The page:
Anyone involved in operating a building with sensitive equipment, or familiar with special hazards fire protection, is likely to have encountered Halon 1301. Halon 1301 is a clean agent used for fire suppression in spaces where water, smoke and other potentially destructive elements might cause irreparable harm or loss. As a clean agent fire protection solution, Halon has proven particularly effective against fires caused by flammable liquids (Class B) and energized electrical equipment (Class C). In the event of an electrical fire for example, the non-conductive, non-corrosive discharged solution will extinguish the fire without leaving any residue or damage to the space or equipment.
Putting the Halon Rumors to Rest
Halon 1301 is one of the most effective clean agents used in fire protection. Despite the successful track record however, Halon and other special hazards carry some common misconceptions that are often perpetuated by concerned occupants. Some may argue that Halon is toxic and can steal oxygen from your lungs or pull out all the oxygen from a room, but these unsubstantiated claims are false. Halon 1301 is safe to use in occupied areas and allows people and companies to continue business as usual within a space even after the agent has discharged.
What you should know about Halon 1301
Its overall effectiveness made Halon fire suppression a widely-adopted solution for protecting data centers, high-voltage control rooms and other mission critical spaces. It is important to know however, that it is now illegal to manufacture Halon 1301 in the United States. In the early 1980s it was discovered that chemicals within the chemical agent – specifically chlorofluorocarbons or CFCs - pose a danger to our atmosphere. Halon, being in that class of compounds, was added to the Montreal protocol and phased out of production in 1994. And although existing Halon systems are allowed to stay in place, new systems are no longer allowed to be designed and installed. Consequently, all Halon obtained today was manufactured before the production ban and is actually recycled and recovered using a “Gas Banking” facility. As a result the cost of refilling Halon is continuously on the rise and is often quite expensive.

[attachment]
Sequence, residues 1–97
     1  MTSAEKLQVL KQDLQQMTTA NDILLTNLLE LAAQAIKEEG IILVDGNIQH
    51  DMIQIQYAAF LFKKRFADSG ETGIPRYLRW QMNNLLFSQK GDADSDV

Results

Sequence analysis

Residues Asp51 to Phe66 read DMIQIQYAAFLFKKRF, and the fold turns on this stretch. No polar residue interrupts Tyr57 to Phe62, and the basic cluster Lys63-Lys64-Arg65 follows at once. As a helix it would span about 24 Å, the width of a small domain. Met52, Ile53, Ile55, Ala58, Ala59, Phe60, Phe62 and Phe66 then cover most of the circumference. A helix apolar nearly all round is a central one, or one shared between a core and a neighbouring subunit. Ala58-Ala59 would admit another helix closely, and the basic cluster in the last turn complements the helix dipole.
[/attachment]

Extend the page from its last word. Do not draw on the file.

With the limited supply of existing Halon, and the high costs associated with refilling a tank that has been put into action, a proactive approach to replacement is recommended. There are many clean agents available today that can be substituted for Halon replacements. It is also possible to maintain and reuse most of an existing piping network built for discharging Halon in the past.
Clean agents are necessary in critical areas where downtime and equipment damage are out of the question. Clean agent fire suppression systems being installed today, and the associated clean agents themselves, are environmentally sound and are readily available for installation by authorized installers. If you have an existing Halon 1301 fire suppression system and are considering an environmentally friendly alternative, or have a critical space that is currently not protected there is a solution that fits your specific needs.
Kevin Smith, Special Hazards Service Account Manager
J.C. Cannistraro, LLC